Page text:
An 18-year-old North Side man who was arrested Friday night is suspected of “punching and pushing’’ a 29-year-year-old Marine veteran into the path of a CTA train, killing him Tuesday in the Loop, Chicago police say.

The man was taken into custody at his North Center neighborhood home by the Great Lakes Fugitive Task Force about 8:20 p.m. Friday without incident, according to police.

He was identified by witnesses as he “punched and pushed’’ Mamadou Balde into a passing CTA train and he was killed, according to a police report.

The arrest was the man’s first and police have not announced any charges.

Tuesday evening about 5 p.m., Balde was waiting for a train at the Jackson Red Line stop when three people started arguing with him, according to police at the time.

Surveillance video apparently shows Balde walking away from the confrontation when one of the three ran up and pushed him off the platform and into a moving train, killing him. He was 29.

“He didn’t want to fight,’’ his father Al Balde said he was told by officers who saw the video. “Yes, I am mad, that is correct. … This guy gave his life for his country and three people throw him on the train.’’

Chicago police say Balde fell between two cars of a train that was pulling away from the station and was dragged to his death. An autopsy the next day determined Balde died of multiple injuries he received when he was pushed into a moving train, according to the Cook County Medical Examiner’s office. His death was ruled a homicide.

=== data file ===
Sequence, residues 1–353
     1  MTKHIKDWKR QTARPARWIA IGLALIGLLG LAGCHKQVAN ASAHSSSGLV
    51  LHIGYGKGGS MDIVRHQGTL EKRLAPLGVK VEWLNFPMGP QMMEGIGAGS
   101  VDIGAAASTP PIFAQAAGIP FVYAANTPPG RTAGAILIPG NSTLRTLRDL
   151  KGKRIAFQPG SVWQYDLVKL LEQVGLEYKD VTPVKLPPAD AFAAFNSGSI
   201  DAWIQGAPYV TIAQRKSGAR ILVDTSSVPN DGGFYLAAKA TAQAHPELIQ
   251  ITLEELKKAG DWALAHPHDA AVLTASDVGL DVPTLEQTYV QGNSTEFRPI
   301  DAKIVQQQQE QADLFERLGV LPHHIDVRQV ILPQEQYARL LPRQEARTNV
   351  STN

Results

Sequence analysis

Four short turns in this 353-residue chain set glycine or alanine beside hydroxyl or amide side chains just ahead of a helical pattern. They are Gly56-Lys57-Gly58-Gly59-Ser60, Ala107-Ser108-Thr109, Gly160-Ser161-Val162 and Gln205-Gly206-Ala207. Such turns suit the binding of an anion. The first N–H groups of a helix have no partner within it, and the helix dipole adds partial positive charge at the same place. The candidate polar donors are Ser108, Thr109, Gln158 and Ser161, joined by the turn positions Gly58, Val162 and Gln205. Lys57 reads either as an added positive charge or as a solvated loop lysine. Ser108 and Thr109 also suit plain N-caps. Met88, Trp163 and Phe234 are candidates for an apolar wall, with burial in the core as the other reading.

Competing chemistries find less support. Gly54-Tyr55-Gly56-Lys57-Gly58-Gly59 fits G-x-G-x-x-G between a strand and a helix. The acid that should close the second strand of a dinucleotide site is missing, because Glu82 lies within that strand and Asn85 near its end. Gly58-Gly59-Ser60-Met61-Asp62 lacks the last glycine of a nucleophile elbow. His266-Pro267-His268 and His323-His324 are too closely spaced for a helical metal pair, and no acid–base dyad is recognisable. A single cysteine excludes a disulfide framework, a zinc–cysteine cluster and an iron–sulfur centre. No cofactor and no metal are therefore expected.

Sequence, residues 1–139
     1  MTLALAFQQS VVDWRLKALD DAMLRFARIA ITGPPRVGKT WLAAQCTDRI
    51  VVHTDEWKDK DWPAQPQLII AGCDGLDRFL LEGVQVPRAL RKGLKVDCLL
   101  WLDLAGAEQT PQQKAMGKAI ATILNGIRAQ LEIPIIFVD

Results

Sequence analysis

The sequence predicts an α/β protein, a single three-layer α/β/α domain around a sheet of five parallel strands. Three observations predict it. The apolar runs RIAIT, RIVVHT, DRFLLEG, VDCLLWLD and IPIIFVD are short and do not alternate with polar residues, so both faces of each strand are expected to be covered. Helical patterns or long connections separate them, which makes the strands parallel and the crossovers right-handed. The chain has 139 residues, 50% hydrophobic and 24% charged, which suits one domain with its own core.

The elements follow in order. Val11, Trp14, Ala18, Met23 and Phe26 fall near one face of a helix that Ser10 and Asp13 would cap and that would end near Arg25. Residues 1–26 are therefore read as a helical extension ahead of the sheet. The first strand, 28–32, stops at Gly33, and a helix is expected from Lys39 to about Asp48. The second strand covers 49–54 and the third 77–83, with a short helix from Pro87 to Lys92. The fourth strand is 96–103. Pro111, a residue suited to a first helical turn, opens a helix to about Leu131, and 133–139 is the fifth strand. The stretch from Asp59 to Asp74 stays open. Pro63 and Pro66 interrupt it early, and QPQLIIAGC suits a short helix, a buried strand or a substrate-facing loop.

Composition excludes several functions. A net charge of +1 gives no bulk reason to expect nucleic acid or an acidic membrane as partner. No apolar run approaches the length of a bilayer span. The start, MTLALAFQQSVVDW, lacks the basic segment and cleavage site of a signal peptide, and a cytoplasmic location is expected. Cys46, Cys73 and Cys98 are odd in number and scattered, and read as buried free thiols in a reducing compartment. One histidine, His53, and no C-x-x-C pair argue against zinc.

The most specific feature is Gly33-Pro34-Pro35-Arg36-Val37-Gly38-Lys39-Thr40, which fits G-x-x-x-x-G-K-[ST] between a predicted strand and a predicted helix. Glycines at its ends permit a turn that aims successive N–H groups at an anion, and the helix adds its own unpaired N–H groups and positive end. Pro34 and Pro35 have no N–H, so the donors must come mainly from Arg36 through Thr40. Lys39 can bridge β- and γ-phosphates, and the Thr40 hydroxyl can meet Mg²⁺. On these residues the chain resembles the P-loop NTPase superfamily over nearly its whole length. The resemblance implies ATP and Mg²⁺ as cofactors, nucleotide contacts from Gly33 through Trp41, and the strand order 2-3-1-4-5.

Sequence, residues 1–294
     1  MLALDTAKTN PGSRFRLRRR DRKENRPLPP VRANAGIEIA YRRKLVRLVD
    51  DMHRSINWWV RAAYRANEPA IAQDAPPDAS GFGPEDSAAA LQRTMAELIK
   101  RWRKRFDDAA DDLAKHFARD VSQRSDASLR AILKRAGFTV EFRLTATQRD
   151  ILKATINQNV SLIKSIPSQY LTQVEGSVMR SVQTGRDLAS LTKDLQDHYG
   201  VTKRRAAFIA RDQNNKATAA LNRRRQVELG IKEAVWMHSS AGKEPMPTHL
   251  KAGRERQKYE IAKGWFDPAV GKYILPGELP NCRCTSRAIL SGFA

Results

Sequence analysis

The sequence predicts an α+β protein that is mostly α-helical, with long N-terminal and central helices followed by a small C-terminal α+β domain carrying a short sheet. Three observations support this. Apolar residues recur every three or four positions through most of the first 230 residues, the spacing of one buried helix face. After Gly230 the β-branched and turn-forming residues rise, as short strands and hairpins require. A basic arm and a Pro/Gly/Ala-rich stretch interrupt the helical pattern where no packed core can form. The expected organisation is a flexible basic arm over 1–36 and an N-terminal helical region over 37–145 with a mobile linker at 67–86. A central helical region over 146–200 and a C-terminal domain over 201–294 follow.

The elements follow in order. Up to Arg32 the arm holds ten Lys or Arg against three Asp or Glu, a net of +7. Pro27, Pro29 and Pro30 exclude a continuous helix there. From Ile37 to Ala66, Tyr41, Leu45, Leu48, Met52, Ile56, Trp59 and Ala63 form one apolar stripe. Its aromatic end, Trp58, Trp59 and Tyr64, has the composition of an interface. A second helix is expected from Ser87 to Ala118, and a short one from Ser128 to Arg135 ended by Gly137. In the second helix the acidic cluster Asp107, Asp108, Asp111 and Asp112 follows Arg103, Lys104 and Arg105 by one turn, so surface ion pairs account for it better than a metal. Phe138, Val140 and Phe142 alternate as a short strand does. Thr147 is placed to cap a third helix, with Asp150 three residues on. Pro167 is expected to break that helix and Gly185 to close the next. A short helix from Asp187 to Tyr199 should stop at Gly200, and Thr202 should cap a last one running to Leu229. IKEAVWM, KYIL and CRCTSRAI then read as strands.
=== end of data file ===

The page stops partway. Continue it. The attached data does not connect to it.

Earlier, police said they identified three people of interest, and at least one of them had been involved in crimes in the Chicago downtown area, according to a law enforcement source.

The Jackson platform and an adjoining commuter tunnel have been the scene of several violent attacks recently, including a fatal shooting and a stabbing earlier this year. The increase in violence led to an increased police presence at CTA stations.

The attack was among eight homicides recorded in Chicago Tuesday, the deadliest violence the city has seen in a single day for nearly two years.

Balde lost his mother to cholera when he was 3, moved from West Africa when he was 9, joined the Marines when he was 18 and served two tours in Afghanistan.

“He told me that they (Marines) made him a man,’’ Al Balde said. “He never called me sir, and when he came back home he called me sir.’’

After his second tour ended in 2015, Mamadou Balde struggled with PTSD, his father said. “It was crazy over there,’’ he said. “He told me a lot. He told me things had haunted him.”

Area Central detectives are investigating.


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